Life

Bring Back “Yuppies”

“Millennial” has become synonymous with “well-off,” for no good reason. End the madness.

A man wearing a yellow shirt rides a bike past storefronts. On his back is a green Uber Eats container.
Apparently only the customer on the receiving end of this UberEats delivery counts as an urban millennial.
Sean Gallup/Getty Images

It’s the end of millennials as we know them. No, not the 73 million younger adults born between 1981 and 1996; they’re fine. But the death knell is tolling for the way we tend to overuse, and misuse, the literal term millennials. The latest peal in this requiem? A piece by Atlantic staff writer Derek Thompson suggesting that, given WeWork and Uber’s slow-rolling implosions, “the millennial urban lifestyle is about to get more expensive.” What exactly is the “millennial urban lifestyle”? According to Thompson, it’s waking up on a Casper mattress, working out with a Peloton before breakfast, Ubering to a desk at a WeWork, ordering DoorDash for lunch, taking a Lyft home, and then getting dinner through Postmates.

Basically, before the first meal of the day, this hypothetical urban millennial is already in the hole for almost $4,000, thanks to their $1,100 mattress, $500/month coworking space, and $2,000 exercise bike. Of course, there are payment plans as low as $58 a month for the Peloton, which might be what enables them to still spend on ride-sharing door to door and ordering out all their meals.

Thompson isn’t making an argument about the fiscal responsibility of millennials; he’s just using them as the stand-in customer. The main thrust of his piece—that all these venture capital–backed startups, previously capable of subsidizing the lives of their customers, will soon have to jack up their prices in response to the impending reckoning of investors looking to finally turn a profit—seems correct, and is certainly worth discussing. It just also takes for granted that the average urban millennial is willing to spend $100 a month on a Blue Apron subscription that only provides three meals a week.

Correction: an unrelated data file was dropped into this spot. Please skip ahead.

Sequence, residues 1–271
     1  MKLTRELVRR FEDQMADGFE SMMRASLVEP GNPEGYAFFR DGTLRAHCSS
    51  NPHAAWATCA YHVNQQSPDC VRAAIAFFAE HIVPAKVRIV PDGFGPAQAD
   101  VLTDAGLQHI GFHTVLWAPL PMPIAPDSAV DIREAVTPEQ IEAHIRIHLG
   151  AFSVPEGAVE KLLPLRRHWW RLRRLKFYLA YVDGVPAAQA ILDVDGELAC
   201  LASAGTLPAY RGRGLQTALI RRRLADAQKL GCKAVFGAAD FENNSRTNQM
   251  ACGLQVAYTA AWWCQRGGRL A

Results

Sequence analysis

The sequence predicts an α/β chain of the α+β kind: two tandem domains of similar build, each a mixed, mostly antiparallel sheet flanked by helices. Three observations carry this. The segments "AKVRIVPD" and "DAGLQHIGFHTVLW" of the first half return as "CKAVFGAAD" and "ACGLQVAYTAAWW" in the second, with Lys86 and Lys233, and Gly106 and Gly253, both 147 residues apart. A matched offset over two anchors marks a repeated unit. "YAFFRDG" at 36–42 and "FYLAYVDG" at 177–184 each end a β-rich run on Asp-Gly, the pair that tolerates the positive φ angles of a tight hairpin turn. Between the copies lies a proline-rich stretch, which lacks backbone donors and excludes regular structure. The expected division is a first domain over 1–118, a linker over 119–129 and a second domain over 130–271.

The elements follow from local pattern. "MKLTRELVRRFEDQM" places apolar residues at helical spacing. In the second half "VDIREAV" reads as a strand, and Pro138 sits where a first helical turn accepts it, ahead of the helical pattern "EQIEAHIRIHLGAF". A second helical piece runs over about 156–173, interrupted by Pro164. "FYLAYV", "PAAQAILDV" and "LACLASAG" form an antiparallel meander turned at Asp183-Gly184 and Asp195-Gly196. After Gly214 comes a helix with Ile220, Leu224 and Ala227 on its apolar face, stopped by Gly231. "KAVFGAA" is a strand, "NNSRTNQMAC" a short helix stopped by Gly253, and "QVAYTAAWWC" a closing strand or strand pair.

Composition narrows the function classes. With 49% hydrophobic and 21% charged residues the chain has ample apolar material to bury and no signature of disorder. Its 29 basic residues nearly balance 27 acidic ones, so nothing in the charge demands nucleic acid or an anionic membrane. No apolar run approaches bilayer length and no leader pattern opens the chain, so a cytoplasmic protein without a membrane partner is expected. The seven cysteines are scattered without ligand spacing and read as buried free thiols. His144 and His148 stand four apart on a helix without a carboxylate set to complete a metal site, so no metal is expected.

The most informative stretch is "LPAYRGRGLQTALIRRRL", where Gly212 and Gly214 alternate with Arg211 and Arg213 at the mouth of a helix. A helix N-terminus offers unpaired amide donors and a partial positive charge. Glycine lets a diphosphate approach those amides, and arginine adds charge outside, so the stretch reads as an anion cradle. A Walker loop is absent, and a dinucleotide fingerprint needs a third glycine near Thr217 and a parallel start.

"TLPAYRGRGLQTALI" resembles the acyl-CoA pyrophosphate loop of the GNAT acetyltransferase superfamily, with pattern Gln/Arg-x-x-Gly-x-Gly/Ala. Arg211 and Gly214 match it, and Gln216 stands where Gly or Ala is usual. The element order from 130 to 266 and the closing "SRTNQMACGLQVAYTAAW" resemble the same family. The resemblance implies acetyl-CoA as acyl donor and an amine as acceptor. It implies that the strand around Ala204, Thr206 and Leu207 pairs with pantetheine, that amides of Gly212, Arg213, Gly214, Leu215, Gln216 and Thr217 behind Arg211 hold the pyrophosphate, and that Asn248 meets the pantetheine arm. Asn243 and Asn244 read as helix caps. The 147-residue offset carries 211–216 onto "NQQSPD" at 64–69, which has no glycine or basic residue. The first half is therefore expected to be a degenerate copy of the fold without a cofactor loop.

The seductive logic of painting millennials with a broad generational brush is one that more writers than Thompson have fallen prey to, and he does better than most by narrowing his scope to urban millennials. But adding the word “well-off” would’ve made his point much more accurate. In fact, he could have just used a more accurate term: yuppie. While there are overlaps between these two groups—mostly because millennials are currently young—it takes but a second of thought to realize that yuppie better serves Thompson’s argument.

Here’s why the misrepresentation of millennials as a generation aimlessly spending money on having simple tasks done for them irks: On the whole, millennials ought to be defined by the ways our generation has been beset by skyrocketing housing costs, rising student debt, falling wages, and a difficult job market. We are, as my colleague Jordan Weissmann put it last year, “the brokest generation,” and also the one, along with Gen Z, that’s going to have to handle climate change.* We’re certainly not all living the lifestyle Thompson is describing, where all the petty annoyances of living life are solved with the swipe of a finger, even if we do live in a city.

There is, of course, a subset of millennials that is using these services, much in the way that, in previous generations, a subset of the richest individuals would most likely have had domestic help to avoid all those petty annoyances. But urban millennials also include those who are driving the Ubers and delivering the Seamless orders and cleaning the WeWorks once all those yuppies go home. And the pending venture capital reckoning surely won’t be great for them, either.

Correction, Oct. 16, 2019: This post originally misspelled Jordan Weissmann’s last name.